Stroll Seen while strolling...walking and wandering outside

wee-pics

Hall of Famer
Location
Germany
Real Name
Walter
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wee-pics

Hall of Famer
Location
Germany
Real Name
Walter
That is just amazing how many of those words I recognise in my own dialect.
That's not surprising if you grew up in the so-called Celtic fringe. Scottish and Irish Gaelic as well as the Breton spoken in Bretagne by the old people are sort of dialects of one language. Cornish belonged to the same group but died out some one hundred years ago.

During my holidays in the Bretagne years ago I spent a few days in a B'n'B of a nice elderly lady who gave me a few lessons in her own language (Breton) at breakfast seeing I was interested.

You can see the similarities in lots of place names: right in the west - north of Brest - there is the mouth of a small river called "Aber Wrach", the same word is in Aberdeen, which is the mouth of the river Dee.
 

Bart J D

All-Pro
That's not surprising if you grew up in the so-called Celtic fringe. Scottish and Irish Gaelic as well as the Breton spoken in Bretagne by the old people are sort of dialects of one language. Cornish belonged to the same group but died out some one hundred years ago.

During my holidays in the Bretagne years ago I spent a few days in a B'n'B of a nice elderly lady who gave me a few lessons in her own language (Breton) at breakfast seeing I was interested.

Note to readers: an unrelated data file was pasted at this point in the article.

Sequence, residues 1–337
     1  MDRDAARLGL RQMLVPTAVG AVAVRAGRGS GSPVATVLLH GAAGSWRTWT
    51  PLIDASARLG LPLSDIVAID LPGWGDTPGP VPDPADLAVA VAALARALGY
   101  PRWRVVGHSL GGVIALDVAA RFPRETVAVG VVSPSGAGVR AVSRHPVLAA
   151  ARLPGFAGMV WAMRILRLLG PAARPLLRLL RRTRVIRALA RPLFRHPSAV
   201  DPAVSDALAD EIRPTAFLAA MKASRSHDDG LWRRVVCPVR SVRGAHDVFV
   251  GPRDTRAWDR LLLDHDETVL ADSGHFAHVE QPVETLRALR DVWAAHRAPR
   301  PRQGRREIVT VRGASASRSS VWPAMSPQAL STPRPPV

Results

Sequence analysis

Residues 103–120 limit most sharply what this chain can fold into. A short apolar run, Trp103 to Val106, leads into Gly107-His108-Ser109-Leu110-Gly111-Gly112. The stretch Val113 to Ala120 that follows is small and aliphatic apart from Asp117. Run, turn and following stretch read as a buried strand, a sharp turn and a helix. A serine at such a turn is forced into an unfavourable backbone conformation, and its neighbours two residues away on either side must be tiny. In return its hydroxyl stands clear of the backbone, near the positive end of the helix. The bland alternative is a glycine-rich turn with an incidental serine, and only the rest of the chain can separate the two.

You can see the similarities in lots of place names: right in the west - north of Brest - there is the mouth of a small river called "Aber Wrach", the same word is in Aberdeen, which is the mouth of the river Dee.
Almost. The Celtic influence is supposed to be found only in the coastal dialect of Flanders but I suppose that in its turn has influenced the language of the area I grew up in. Just some 40 - 50 Km more to the East.
At least I can understand a good part of what the people from the coast are saying, provided they still use their native dialect.
Getting more and more rare in the last generation.
Unfortunately, most of the current generation is speaking a kind of in-between language, neither standard Dutch - which is as good as a foreign language to us - nor their own dialect.
And then there are the diehards of course who just keep speaking their own dialect defying anyone to say they don't understand them :)
 

theoldsmithy

Hall of Famer
Location
Cheshire, England
Real Name
Martin Connolly
That's not surprising if you grew up in the so-called Celtic fringe. Scottish and Irish Gaelic as well as the Breton spoken in Bretagne by the old people are sort of dialects of one language. Cornish belonged to the same group but died out some one hundred years ago.

During my holidays in the Bretagne years ago I spent a few days in a B'n'B of a nice elderly lady who gave me a few lessons in her own language (Breton) at breakfast seeing I was interested.

You can see the similarities in lots of place names: right in the west - north of Brest - there is the mouth of a small river called "Aber Wrach", the same word is in Aberdeen, which is the mouth of the river Dee.
Cornish has been revived in the last 100 years. It's not widely spoken but it's certainly not dead. Aber also means 'mouth of a river' in Welsh, and is in many place names.
 
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